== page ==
We focus on natural materials and fibres like cotton, wool and mohair. It’s all sourced in Southern Africa; it’s one of our founding principles. By doing this we can focus on the quality, and breathability of garments, and ensure we’re supporting the local economy. As part of a new project, we’ve been exploring recycled materials which we hope to incorporate in our pieces soon.
Since you’re the Trans-seasonal Award winner for 2021, tell us how you design for timelessness?
Everything we design at FIELDS is made to last. Quality is super important to us, and we work closely with our factories to ensure impeccable fabrication and construction. We do not believe in disposable, trend-driven fashion. We strive to create refined, understated pieces that will endure the test of time, and design with longevity in mind.
Tell us how invest in your product offering, for example the repair service.
We believe strongly in creating clothes ethically and sustainably. Sustainability doesn’t simply end when we sell a garment, but is carried through the life-cycle of the garment. By offering repairs, we encourage our customers to extend the lifespan of their treasured garment, rather than discarding or donating those pieces. We offer repairs free of charge for FIELDS customers – damaged items can be brought in and will be carefully mended. We also offer complimentary tailoring services to any customer who purchases our trousers.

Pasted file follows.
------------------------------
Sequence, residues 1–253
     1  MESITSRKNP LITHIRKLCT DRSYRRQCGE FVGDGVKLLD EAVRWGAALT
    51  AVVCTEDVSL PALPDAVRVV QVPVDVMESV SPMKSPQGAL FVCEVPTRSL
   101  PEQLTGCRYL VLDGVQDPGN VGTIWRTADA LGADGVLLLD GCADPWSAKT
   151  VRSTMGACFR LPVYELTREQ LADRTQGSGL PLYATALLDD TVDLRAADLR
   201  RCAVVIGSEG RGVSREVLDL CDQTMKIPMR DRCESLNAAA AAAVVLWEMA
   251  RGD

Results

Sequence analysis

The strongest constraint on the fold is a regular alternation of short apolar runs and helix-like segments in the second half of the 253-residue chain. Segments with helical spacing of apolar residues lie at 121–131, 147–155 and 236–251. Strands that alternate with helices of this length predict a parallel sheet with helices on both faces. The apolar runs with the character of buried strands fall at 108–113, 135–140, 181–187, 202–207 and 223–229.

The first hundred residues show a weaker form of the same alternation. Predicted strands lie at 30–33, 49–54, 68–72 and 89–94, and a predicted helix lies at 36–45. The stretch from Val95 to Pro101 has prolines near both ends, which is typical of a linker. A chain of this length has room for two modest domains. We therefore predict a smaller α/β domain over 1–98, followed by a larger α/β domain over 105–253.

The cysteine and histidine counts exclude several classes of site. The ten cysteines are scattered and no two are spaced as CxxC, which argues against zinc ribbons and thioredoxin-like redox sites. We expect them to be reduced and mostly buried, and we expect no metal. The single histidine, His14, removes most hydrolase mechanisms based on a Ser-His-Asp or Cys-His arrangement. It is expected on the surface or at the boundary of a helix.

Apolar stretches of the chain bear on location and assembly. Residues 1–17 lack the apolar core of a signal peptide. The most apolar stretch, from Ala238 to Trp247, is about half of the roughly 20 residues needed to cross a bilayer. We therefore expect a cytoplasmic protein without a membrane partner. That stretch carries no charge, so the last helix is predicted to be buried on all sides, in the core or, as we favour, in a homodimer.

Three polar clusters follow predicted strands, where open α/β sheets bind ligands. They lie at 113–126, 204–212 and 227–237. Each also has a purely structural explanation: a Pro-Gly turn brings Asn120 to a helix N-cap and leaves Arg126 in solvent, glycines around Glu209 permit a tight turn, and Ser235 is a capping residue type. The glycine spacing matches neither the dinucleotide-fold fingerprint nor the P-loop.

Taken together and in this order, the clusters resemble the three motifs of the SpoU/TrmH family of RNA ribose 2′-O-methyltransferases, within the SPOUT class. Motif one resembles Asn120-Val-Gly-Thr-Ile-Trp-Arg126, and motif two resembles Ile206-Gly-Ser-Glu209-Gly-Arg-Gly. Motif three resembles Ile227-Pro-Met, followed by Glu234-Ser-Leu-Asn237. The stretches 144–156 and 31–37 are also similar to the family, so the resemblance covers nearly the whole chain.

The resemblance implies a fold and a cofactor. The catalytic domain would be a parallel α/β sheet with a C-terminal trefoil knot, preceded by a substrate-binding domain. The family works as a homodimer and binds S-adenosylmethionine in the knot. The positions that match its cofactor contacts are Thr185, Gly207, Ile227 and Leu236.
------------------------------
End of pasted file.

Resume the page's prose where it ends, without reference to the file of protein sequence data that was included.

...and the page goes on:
- Images supplied: Photographer: Ian Engelbrecht; Assistant Photographer: Michael Goldsmid; Creative & Styling: Kelly Fung; Founder & Designer: Mikael Hanan
- To learn more about FIELDS, take a look at their website.
- FIELDS was the winner of the Trans-seasonal Award at the Twyg Sustainable Fashion Awards 202, presented by BMW i.